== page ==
Haunted Places Rewind: Island of the Dolls

Haunted Places

04:30 min | 1 year ago

Haunted Places Rewind: Island of the Dolls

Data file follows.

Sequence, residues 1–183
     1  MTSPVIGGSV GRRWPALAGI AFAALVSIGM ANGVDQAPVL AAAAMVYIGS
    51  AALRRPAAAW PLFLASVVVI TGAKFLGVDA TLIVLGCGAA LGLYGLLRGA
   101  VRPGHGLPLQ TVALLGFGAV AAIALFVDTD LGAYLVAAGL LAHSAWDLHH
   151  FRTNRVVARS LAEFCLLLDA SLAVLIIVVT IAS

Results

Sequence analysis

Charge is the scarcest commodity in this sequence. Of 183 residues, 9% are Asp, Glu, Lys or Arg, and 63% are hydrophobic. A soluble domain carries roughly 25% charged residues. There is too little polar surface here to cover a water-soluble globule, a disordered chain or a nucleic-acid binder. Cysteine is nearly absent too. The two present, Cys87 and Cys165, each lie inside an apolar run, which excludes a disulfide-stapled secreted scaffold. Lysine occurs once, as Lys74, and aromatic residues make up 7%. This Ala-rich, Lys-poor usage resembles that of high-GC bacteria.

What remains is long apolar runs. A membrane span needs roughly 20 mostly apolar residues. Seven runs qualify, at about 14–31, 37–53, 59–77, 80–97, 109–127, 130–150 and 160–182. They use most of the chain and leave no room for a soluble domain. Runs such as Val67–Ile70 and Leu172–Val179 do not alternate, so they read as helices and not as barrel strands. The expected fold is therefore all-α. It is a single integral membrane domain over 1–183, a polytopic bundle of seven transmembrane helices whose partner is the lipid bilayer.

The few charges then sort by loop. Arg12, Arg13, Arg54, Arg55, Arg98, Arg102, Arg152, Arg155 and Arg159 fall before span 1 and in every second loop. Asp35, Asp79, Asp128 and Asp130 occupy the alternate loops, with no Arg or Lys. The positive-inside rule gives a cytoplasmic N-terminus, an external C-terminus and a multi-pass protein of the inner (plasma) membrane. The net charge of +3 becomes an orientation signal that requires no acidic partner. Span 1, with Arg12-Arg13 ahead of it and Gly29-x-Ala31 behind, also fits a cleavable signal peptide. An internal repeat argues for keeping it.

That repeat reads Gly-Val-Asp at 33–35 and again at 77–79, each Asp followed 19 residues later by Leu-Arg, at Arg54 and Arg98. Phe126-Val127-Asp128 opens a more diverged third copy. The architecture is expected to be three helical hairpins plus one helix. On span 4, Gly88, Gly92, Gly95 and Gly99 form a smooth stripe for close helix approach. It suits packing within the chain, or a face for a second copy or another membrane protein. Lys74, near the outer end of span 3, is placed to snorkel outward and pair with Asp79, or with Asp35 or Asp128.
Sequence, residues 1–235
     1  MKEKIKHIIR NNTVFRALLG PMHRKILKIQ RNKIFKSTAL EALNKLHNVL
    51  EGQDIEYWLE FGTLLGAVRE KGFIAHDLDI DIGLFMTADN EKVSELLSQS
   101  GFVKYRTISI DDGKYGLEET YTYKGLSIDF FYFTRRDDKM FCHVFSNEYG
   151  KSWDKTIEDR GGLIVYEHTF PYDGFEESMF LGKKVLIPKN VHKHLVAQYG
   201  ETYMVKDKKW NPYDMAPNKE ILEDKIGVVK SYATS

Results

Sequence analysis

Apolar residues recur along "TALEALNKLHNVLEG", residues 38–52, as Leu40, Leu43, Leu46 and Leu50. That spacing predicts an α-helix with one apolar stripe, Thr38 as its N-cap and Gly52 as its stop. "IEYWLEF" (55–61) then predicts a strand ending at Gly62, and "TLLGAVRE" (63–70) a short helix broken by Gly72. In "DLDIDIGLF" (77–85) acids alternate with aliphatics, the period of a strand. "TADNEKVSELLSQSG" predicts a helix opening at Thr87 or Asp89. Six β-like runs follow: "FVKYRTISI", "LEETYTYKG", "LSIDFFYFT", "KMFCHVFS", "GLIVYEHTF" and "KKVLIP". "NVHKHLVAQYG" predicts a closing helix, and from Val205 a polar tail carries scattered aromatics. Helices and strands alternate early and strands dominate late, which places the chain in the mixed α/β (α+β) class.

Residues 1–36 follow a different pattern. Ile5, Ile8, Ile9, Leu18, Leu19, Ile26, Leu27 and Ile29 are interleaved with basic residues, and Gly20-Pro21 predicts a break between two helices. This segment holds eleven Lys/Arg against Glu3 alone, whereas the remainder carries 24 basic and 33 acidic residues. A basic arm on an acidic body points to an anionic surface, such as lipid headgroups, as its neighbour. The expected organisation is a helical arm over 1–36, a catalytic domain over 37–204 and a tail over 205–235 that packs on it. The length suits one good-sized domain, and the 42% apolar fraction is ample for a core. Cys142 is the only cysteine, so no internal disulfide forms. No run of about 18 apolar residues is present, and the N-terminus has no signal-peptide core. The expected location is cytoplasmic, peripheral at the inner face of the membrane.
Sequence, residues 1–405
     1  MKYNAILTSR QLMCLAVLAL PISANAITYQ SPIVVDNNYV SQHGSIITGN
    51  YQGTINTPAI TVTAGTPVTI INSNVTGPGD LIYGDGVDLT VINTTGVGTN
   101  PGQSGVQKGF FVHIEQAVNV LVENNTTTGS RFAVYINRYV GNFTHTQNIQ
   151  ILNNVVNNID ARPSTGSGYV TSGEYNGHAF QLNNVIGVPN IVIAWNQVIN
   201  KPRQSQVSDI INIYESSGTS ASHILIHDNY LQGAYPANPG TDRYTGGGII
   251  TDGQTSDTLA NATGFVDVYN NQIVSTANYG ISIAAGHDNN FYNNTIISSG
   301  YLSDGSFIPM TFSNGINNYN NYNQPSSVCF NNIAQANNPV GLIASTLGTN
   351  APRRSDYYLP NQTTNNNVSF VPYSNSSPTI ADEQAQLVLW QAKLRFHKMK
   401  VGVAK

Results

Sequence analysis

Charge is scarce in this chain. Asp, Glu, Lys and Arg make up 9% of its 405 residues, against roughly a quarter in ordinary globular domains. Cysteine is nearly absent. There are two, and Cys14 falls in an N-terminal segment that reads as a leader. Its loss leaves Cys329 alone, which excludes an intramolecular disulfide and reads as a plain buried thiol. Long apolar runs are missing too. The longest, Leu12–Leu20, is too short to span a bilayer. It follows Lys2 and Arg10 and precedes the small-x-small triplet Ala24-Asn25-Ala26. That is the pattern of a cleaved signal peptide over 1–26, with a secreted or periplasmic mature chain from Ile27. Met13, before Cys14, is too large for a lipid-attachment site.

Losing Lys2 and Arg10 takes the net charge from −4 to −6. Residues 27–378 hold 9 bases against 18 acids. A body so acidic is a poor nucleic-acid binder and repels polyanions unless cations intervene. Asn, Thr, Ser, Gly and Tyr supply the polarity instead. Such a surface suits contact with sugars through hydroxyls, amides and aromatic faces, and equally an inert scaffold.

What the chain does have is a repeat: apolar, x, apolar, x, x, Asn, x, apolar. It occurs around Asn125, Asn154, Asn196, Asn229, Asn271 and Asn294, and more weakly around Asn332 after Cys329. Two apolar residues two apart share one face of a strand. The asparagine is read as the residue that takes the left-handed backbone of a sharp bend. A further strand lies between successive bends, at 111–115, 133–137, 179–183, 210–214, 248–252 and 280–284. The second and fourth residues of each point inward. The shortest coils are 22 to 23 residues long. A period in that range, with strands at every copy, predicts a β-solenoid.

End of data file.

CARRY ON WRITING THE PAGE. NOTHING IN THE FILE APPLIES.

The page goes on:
"The grandmother told us to stay away. We snuck down to the canal again. It's our favorite place to play. I like to tease the little fish. That swim in the Muddy Shallows. Adela likes to weave reads to make a crown and pretend that she's a princess. Sometimes we wrote to the island. Adela always stares down into the water like she's looking for something. Grandmother does not like the river. It's curse. She says evil then she scolds me for leading my little sister. Danger Grandmother tells stories. While we make tortillas sometimes she talks about her ancestors who built a huge city on lake hundreds of years ago other times she tries to frighten us with sales of spirits who live in the water. These stories don't scare me. They aren't true that Adela believes every single word. She likes grandmother's stories about mermaids. The best grim says that sometimes the mermaids choose a special person someone with the blood of the ancient Aztecs to join them. Adele asks if we have Aztec blood running through our veins but grandmother does not answer she hugs us makes us promise to never go near the river at night sometimes available sit on the shore and stare out at the water. What I asked her what she's doing. She says that she's listening. She can hear our ancestors whispering in the wind. It's a secret. She makes me promise not to. Tell Grandmother. I listen. I hear nothing odd little sister. Yesterday Papa came home from the city. He worked there and we had not seen him in a long time. He brought presence. I got a soccer ball. Adela got a doll named it Sierra after mermaids she loans a dylan is skipped rocks across the water is. She's getting better but she's not as good as me. I got a rock skip seven times before it sank but delic claim to see something big in the deep water. But I didn't see anything. We ran home in time for dinner when we went to bed. Adela couldn't find sid ENA somewhere on the way home. She had lost her Adela started to cry. She thought that pop it was going to be angry. I hugged her promising that we would sneak out early in the morning to go look for her dog. It was still dark when we tiptoed out of the house. We walked along the shore with a torch looking for sitting. I thought I saw something floating in the middle of the river but it was hard to tell as we rode out to see what it was a Dallas said. She heard singing. She asked me if I heard it but I didn't the ruble scraped against something. I cursed words. That grandmother watches my mouth for. I thought we had hit a sandbar. Tried to roll my or but it was stuck in the mud. Adela leaned over the edge of the boat staring down into the water. I looked down a big black shadow. Swim next to us. Something grabbed my own. It yanked but I wouldn't let go. I yelled for help me. What she didn't move. She was still staring down into the water. I yelled at her again. She got to her feet. Suddenly I could hear it to the to singing. The Distance Adela had a strange look in her eyes. She said she was a princess. And the MERMAIDS here for before I could stop her. She jumped straight into the river. I screamed but Adela disappeared into the blackwater with hardly